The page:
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Cheating by the rules in Pirateball and Illuminati

Pirate Ball at NU Grounds

One of the design­ers of the game Pirate­ball describes it as “extreme­ly stu­pid”. I recent­ly ran it at a games fes­ti­val and dis­cov­ered that it’s also craft­ed quite clev­er­ly.

Pirate baseball

To poten­tial play­ers I always say that it’s base­ball as pirates play it. Then you get an idea. That’s the first trick: the name is a metaphor for how to play. Cheat­ing is part of the (wafer-thin) fic­tion­al lay­er of the game.

When you’re up to bat, and you touch the ball, you take your bat with you to first base. An oppo­nent awaits you there, and he has a bat as well. After a short duel (the rules explain that the play­er on first base is “kind of a wuss,”) you go on your way. But not to sec­ond base. No, you run straight over the field, jump over the mound and walk straight to third base. If from here you run back to where you start­ed, you score a point. Then the next one’s up. There are no teams, it’s every man for him­self. You can’t be tagged with the ball, but the ball is thrown at you.

A cowork­er of mine describes the game as “semi-struc­tured mess­ing around.” It cer­tain­ly is true that in order to enjoy this comedic game you have to be “advanced.” That is, the game is only fun if you play it on mul­ti­ple lev­els at once, not if you only fol­low the rules lit­er­al­ly and try to win. Rec­og­nize the irony of what you’re doing and try to play the game well on that lev­el.

Formalizing rules

By play­ing with the rules of base­ball, Pirate­ball also clev­er­ly intro­duces an unex­pect­ed dif­fi­cul­ty lev­el. Espe­cial­ly if you were fanat­ic at school about base­ball and the like. I can’t count the times I’ve seen play­ers throw their bats to the ground with deter­mi­na­tion at a home strike and then turn back halfway to first base because there’s the (some­what wimpy) psy­chopath with the oth­er bat. Or the play­er who starts to run from first to sec­ond base after win­ning a duel, and has to change course because he has to jump over the mound because those are the rules. Hilar­i­ty ensues.

You have to for­get old reflex­es from such games to be able to play Pirate­ball.

Pirate­ball’s rules for­mal­ize a game of base­ball played by cheat­ing pirates. This, to me, is a per­fect exam­ple of the lay­ers that even a seem­ing­ly sim­ple “urban game” can have.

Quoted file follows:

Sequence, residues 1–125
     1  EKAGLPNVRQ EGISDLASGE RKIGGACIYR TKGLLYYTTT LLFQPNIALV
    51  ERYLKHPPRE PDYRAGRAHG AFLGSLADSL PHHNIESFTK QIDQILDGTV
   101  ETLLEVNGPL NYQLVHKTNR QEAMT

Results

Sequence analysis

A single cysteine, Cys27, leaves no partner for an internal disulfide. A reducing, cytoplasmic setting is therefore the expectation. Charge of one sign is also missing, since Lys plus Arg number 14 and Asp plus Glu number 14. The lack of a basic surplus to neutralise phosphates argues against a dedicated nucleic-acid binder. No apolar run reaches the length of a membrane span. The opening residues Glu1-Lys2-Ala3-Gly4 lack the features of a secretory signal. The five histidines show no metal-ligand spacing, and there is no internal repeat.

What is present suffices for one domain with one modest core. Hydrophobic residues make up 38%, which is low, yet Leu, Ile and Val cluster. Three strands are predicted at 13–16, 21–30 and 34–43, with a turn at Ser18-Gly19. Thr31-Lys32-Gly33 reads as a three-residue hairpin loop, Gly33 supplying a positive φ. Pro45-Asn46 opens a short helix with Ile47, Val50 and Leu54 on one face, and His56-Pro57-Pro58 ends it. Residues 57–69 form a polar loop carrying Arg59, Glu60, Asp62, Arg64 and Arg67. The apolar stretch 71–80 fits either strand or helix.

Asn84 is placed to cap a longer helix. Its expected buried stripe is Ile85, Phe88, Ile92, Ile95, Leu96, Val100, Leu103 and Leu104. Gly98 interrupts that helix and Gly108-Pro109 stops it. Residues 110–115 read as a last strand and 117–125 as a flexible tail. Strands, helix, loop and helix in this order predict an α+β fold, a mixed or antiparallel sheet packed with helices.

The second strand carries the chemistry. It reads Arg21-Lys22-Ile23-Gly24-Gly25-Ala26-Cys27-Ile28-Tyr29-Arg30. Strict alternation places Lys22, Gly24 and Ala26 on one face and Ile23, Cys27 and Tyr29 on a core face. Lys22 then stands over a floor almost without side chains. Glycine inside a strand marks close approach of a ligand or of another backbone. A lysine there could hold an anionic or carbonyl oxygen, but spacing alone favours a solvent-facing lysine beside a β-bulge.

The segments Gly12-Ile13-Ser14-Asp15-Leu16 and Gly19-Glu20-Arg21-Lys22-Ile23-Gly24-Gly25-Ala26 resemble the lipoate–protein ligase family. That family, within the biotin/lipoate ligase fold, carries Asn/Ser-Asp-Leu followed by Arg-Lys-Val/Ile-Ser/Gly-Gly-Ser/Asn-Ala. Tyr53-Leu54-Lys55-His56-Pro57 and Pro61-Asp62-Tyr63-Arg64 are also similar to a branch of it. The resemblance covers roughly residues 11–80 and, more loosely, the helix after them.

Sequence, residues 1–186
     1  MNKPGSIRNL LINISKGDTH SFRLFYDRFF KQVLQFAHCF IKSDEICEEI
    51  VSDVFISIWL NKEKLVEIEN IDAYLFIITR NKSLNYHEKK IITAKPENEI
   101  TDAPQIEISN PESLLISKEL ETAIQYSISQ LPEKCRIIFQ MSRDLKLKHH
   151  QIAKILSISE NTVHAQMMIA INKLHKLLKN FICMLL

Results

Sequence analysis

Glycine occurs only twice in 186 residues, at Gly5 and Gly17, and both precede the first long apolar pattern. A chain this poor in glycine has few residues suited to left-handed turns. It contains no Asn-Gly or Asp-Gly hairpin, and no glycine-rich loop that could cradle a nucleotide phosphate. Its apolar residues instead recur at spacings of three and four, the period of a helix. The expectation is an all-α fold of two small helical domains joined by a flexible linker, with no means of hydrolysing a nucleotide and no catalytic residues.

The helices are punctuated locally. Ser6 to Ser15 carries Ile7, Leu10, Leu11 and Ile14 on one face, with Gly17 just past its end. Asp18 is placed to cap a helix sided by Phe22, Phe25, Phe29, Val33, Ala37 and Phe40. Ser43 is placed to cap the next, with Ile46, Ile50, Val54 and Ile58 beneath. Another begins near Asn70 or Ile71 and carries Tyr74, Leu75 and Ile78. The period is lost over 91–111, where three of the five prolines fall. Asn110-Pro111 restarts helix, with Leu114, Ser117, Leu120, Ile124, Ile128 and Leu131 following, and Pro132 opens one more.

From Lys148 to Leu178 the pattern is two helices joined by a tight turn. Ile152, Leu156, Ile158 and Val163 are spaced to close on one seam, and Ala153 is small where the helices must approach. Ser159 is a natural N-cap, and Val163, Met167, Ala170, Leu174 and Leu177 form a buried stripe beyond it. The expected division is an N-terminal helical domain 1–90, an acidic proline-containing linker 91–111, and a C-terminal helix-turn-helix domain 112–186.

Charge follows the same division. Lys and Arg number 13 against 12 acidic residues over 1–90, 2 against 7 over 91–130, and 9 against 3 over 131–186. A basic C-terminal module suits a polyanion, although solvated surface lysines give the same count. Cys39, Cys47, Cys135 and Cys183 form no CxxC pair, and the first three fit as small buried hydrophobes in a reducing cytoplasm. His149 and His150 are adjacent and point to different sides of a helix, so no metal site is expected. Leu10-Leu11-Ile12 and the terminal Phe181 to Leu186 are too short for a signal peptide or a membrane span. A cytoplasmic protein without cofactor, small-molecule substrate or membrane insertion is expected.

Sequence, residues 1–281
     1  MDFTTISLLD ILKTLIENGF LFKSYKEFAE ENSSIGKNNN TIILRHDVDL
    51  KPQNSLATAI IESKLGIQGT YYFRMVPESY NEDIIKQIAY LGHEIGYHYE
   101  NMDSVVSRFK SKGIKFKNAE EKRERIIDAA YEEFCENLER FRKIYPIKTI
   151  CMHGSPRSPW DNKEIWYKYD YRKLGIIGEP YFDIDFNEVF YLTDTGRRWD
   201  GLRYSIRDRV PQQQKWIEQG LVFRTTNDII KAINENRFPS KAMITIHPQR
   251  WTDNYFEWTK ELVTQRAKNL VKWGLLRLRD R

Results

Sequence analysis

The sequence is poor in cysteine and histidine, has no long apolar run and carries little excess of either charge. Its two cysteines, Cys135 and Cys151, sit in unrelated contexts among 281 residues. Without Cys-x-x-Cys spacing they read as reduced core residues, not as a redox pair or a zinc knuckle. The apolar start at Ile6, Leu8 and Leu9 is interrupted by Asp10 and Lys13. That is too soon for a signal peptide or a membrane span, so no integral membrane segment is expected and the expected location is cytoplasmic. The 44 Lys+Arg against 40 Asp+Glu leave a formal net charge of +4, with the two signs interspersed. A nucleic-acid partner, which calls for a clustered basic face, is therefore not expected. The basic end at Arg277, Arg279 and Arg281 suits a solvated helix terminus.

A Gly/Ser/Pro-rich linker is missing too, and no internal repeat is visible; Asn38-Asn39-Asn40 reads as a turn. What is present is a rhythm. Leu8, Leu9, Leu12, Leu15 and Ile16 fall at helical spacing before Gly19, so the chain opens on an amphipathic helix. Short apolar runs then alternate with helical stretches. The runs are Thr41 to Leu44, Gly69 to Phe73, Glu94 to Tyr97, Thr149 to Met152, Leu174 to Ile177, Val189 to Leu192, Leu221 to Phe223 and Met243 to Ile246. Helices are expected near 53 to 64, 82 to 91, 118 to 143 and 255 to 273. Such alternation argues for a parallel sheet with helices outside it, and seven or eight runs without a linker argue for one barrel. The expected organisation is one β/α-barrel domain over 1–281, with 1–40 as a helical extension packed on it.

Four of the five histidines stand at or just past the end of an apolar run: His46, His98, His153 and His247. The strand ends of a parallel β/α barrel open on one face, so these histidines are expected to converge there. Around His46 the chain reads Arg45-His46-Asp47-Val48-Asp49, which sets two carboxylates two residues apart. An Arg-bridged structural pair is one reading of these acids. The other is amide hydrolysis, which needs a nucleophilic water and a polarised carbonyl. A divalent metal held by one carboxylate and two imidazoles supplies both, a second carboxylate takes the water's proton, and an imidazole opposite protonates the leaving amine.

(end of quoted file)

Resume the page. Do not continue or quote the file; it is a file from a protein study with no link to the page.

Illuminati

If you can’t get enough of ‘play­ing with cheat­ing,’ I’d like to rec­om­mend a cou­ple of rounds of the board game Illu­mi­nati. Once you’ve got the basics down, game-mak­er Steve Jack­son advis­es you to intro­duce the extra rules for cheat­ing. I quote the rules:

Sug­gest­ed meth­ods for cheat­ing include:
1. Acci­den­tal­ly mis­read the dice.
2. Steal from the bank.
[…]
4. Stack the deck, or peek ahead.
5. If any­one leaves the table, any­thing goes!

Unlike Pirate­ball, Illu­mi­nati uses the social lay­er of the game as medi­um for for­mal­ized cheat­ing. So you’re entire­ly wel­come to play the game accord­ing to the rules one minute, and the next, you’re tak­ing advan­tage of your fel­low play­ers’ inat­ten­tive­ness to be able to cheat. Just like with Pirate­ball, you need to be able to play the game on mul­ti­ple lev­els at once. You need to have a feel for cheat­ing accord­ing to the rules ver­sus ruin­ing the game. Steve Jack­son explains: “We rec­om­mend you play the Cheat­ing Game only with very good friends, or with peo­ple you will nev­er see again.” By exam­in­ing these two exam­ples under a loop, the impor­tance of instinct, a feel about how to play the game is illus­trat­ed. This is a skill, some­thing you have to learn. Pirate­ball and Illu­mi­nati con­front you with this in a fun way.

This piece orig­i­nal­ly appeared on Bash­ers in Dutch and was trans­lat­ed by Alex­is Moran Trans­la­tions.

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